See the Empress compressor of their website here
#2: MRX M87 Bass Compressor
The M87, based on the design of the Urei 1176LN, is a cost-effective, sturdy, and reliable compressor. It is a moderately priced version that offers decent transparency and helps your tone sit well in the mix.
It offers 4:1, 8:1, 12: 1 and 20:1 ratios. The tone shaping possibilities aren’t as versatile as the other units in this list but this is one of those simple compressors that gets the job done.
Opt for the 4:1 if you want to fatten the lows and add definition (punch in the low end as described for the Empress). It works great for dialing in an even tone across all 5 strings on a 5-string bass with humbuckers.
You can experiment with the ratios, each of them is well-suited for specific situations. It does a nifty job as a peak-limiter for aggressive playing when set to 20:1.
It does not add any color and the TrueBypass ensures there is no noticeable loss of tone. Though it isn’t perfectly silent, the bare-minimum low-noise of the pedal is unlikely to bother you. This majority of tones are somewhat dry, coming close to the Urei 1176 sound.
While the MXR isn’t in the league of the other pedals mentioned, it’s also more affordable. This is a more pocket-friendly and “pedal board space” friendly option. It is a good all-round unit that will reliably get the job done better than the EBS Multi-Comp, Demeter or Boss pedals.
However, experienced bassists may not find it as transparent as Empress or as versatile as Opti-FET, nor does it have the ‘tone magic’ of the MarkBass.
Check out this video that demonstrates its capabilities, especially the punch it delivers and the improved pick attack:
Check out the MRX M87 Bass Compressor here on Guitar Center
#3: Origin Effects Cali76 Compact Deluxe
Unlike the M87, the Cali76 Compact Deluxe is a premium attempt to replicate the magic of the original Urei 1176LN FET compressors that were a staple of all high-end studios in the 70s. The pedal is available in ‘Bass’ and ‘Deluxe’ version, with the former being decisively better of the two for a 5-string bass.
On the Bass version, two main features work in favor of 5-string basses:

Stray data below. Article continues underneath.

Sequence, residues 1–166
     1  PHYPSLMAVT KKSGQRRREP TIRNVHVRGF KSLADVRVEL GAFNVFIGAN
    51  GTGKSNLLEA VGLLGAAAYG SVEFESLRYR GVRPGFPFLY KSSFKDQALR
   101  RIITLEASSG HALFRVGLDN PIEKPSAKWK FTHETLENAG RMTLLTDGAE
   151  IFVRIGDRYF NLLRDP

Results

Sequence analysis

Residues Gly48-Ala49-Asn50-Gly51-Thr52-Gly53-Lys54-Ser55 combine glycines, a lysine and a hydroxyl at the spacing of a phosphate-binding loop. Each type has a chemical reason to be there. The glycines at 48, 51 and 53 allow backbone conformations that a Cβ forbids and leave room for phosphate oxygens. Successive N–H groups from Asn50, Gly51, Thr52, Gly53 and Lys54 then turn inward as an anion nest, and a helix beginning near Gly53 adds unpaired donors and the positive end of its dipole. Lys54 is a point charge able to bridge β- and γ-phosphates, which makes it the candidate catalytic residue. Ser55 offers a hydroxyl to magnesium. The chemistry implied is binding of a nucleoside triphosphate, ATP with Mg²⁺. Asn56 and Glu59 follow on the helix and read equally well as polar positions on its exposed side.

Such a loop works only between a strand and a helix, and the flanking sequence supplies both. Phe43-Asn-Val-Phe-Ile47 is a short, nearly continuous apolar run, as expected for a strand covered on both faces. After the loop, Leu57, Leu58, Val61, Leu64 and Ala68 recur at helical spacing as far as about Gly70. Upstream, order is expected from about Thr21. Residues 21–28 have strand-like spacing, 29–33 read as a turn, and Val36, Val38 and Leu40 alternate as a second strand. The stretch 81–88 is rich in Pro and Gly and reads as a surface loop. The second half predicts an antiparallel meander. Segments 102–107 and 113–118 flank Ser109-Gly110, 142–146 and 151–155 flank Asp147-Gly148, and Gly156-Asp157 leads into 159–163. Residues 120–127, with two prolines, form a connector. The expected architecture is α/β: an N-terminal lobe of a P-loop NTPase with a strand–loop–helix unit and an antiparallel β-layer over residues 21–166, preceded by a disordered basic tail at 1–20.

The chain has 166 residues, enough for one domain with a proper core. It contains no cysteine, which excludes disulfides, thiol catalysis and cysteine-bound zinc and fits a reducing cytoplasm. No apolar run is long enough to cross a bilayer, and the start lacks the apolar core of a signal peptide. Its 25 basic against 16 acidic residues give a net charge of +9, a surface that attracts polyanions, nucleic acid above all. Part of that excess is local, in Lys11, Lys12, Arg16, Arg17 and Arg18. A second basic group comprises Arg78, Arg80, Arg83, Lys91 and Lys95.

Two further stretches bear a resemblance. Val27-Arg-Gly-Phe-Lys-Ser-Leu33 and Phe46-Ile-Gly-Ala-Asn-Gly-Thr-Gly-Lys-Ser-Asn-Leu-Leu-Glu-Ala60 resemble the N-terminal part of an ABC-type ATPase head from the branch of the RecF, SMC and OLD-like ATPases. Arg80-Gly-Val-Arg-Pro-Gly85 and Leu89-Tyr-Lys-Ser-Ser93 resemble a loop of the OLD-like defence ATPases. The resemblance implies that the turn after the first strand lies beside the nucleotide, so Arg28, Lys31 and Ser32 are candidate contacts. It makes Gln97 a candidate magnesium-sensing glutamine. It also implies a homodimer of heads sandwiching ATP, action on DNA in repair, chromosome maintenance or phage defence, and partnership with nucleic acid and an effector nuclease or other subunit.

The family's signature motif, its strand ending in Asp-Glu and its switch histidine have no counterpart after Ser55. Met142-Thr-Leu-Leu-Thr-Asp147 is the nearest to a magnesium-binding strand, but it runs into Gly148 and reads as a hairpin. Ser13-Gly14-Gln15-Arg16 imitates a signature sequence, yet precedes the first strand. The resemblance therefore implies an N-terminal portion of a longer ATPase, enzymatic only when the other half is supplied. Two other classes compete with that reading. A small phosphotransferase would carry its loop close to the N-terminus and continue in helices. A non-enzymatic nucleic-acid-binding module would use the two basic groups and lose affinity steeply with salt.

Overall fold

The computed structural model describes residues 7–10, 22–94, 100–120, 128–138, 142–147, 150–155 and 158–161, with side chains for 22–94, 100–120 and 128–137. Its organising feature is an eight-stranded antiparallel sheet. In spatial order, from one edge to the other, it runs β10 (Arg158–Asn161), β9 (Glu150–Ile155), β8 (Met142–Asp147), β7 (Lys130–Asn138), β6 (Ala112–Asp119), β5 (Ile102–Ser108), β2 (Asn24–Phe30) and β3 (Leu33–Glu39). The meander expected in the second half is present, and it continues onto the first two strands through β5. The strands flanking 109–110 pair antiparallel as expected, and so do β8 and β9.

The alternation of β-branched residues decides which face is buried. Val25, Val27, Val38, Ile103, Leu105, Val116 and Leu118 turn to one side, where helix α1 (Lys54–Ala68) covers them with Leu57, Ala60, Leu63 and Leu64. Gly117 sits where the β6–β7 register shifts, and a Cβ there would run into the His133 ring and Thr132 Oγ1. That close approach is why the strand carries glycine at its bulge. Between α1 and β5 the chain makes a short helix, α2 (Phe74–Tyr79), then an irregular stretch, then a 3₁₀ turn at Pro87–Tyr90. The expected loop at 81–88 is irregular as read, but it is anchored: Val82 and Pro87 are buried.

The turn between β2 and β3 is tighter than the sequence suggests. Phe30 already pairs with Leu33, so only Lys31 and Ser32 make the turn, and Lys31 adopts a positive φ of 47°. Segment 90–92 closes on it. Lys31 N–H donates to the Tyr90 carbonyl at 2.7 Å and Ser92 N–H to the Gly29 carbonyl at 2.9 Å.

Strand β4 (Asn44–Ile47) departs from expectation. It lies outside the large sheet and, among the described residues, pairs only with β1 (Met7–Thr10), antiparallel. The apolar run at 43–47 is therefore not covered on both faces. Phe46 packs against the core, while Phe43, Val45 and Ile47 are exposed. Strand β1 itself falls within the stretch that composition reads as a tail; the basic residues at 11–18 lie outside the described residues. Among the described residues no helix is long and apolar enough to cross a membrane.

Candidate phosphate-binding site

- The HPF knob
- The circuit’s inherent treatment of lows.
The HPF knob can manipulate the compressor’s response to the lows to get a fat and round tone. When activated, it only allows the highs to pass and stops reacting to the low-end peaks in the sidechain signal path.
The unit’s inherent circuit has a color that impacts everything below 50Hz and evens out the tone across the bass strings. This works well with the low-Bs that need some control in the lows or to eliminate unwanted subs to get a bright and punchy sound.
The end result is similar to the tightness of the Empress compressor.
You can control the Input, Output, Blend and Ratio via knobs. There is no threshold knob. Instead, threshold is connected to both the ratio control and input knob. The tone is transparent but not exactly colorless because of a distinct zing in the mids (low-mids) that is quite similar to the Diamond BCP.
The overall tone, functionality and quality is comparable to the Empress. It sounds dynamic and transparent with the Fender P5s for compression and limiting.
While the original Cali76 was simply huge in size, the Compact Deluxe version is perfectly sized and has top-grade construction. Check out all the variations of the pedal in action:
See the Origin Effects Cali76 Compact here on Guitar Center
#4: FEA Labs Opti-FET Compressor
The Opti-FET functionality is a yardstick in the bass compressor segment. It’s most important (and unusual) feature is without hesitation sidechain. With most compressors, you hear the sound of your bass as the pedal responds to it, and this ‘compressor reaction’ is applied to the bass output signal.
With the Opti-FET’s sidechain, you can link it to another instrument (like the kick drum) or into a filter, and you can use the modified signal to trigger the pedal. The sidechain signal is independent of the original signal. This feature is often found in rackmount units but very rarely in pedals.
Why is this important for 5-string basses? There is a 3-band EQ attached to the side-chain that can modify the sensitivity response of the compressor. Using it you can dial in a big and powerful low-B sound.
For example, if you cut the highs, the pedal will have more impact on the low notes and ignore the highs to a certain extent. The sidechain responds to its own toggle switch and the unit is undoubtedly ‘true bypass’ in every respect.
Other than that, there is some tone-coloration but it is most likely to make your bass sound better. The Opti-FET engaged tone is dark, warm, round, and fluid (think slurpy) tone that is similar to the MarkBass (but not quite there).
You can shape the tone using the three internal dip switches, or you can toggle them off to get a more transparent, bright tone. The third switch is great for a vintage tone, it toggles the 12 KHz filter.